FTC appoints privacy expert Lorrie Cranor as Chief Technologist

Cranor, who is the director of the Carnegie Mellon Usable Privacy and Security Laboratory and a member of the Electronic Frontier Foundation Board of Directors will join the FTC staff in January.

Lorrie Cranor
Credit: http://lorrie.cranor.org/

Federal Trade Commission Chairwoman Edith Ramirez has appointed Lorrie Faith Cranor as the agency’s Chief Technologist, succeeding Ashkan Soltani.

Cranor is the director of the Carnegie Mellon Usable Privacy and Security Laboratory at Carnegie Mellon University and a member of the Electronic Frontier Foundation Board of Directors.

She has authored over 150 research papers on online privacy and usable security, and has played a central role in establishing the usable privacy and security research community, including her founding of the Symposium on Usable Privacy and Security. Her current research includes, Usable Privacy Policy Projectusable and secure passwordsprivacy decision makinguser-controllable security and privacyusable cyber trust indicators.

Cranor has consulted for companies and non-profits on privacy policies, P3P, usable privacy and security, and technology policy and has served as an expert witness in patent litigation and in privacy cases, and in cases challenging the constitutionality of Internet harmful-to-minors laws, including the ACLU's successful challenge to the 1998 Children's Online Protection Act.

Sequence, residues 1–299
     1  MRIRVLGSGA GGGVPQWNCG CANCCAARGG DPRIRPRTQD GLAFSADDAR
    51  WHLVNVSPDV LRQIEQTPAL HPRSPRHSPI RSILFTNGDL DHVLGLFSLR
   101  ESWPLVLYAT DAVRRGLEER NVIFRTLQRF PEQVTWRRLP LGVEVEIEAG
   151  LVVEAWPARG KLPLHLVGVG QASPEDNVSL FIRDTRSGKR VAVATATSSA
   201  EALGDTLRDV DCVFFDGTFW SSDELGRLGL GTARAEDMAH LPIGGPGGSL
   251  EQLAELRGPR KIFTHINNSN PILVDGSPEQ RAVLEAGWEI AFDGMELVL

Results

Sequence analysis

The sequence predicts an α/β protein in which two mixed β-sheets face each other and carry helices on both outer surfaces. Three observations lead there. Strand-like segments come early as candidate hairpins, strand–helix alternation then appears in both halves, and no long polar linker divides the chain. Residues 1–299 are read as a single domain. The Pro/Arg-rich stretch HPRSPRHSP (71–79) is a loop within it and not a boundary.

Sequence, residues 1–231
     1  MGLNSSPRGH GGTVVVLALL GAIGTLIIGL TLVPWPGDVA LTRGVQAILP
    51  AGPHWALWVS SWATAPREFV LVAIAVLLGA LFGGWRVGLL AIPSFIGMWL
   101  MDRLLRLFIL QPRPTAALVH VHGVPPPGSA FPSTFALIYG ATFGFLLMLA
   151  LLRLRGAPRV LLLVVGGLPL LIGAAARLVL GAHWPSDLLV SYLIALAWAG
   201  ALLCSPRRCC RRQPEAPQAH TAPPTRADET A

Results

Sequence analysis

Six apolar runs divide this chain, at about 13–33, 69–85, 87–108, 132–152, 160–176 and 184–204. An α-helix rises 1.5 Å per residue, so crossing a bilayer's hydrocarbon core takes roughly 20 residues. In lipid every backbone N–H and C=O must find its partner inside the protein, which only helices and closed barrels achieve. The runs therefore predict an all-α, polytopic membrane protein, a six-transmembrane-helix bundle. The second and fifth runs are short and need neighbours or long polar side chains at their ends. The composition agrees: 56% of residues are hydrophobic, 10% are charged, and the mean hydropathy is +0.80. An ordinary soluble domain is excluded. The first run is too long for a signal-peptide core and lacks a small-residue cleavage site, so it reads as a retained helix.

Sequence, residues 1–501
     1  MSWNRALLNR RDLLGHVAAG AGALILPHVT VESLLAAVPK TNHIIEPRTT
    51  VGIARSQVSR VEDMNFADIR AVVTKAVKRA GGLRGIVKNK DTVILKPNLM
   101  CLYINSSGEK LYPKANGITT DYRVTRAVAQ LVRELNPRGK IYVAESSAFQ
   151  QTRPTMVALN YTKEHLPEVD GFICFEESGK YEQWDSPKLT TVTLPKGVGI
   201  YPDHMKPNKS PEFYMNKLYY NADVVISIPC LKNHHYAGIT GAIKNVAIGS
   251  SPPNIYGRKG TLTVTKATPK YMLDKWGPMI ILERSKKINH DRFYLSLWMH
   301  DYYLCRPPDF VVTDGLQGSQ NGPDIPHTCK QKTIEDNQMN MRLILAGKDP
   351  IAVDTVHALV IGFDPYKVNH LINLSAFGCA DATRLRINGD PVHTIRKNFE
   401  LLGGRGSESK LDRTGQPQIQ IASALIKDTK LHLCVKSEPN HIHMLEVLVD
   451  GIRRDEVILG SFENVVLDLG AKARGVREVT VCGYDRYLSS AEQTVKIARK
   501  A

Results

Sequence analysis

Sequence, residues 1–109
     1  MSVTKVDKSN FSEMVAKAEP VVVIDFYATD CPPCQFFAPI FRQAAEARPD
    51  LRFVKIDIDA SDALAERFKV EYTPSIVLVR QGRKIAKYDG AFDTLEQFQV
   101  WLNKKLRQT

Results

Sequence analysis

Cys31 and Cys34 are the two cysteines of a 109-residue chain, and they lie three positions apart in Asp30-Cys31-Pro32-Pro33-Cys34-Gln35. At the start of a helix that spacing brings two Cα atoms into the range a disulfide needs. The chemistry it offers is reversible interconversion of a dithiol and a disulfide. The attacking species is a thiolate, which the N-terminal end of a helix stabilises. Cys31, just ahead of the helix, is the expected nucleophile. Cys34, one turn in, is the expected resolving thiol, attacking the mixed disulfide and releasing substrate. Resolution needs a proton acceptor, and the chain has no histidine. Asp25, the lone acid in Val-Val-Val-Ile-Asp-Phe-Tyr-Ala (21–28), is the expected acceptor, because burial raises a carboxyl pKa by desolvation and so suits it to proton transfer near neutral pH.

Cranor holds a doctorate in Engineering and Policy, masters’ degrees in Computer Science, and Technology and Human Affairs, and a bachelor’s degree in Engineering and Public Policy, from Washington University in St. Louis, Missouri.

Cranor will join the FTC staff in January and be primarily responsible for advising Chairwoman Ramirez and the Commission on developing technology and policy matters. Cranor is currently a Professor of Computer Science and Engineering and Public Policy at Carnegie Mellon University, where she directs the CyLab Usable Privacy and Security Laboratory. She was previously a researcher at AT&T Labs Research and has also taught at the Stern School of Business at New York University.

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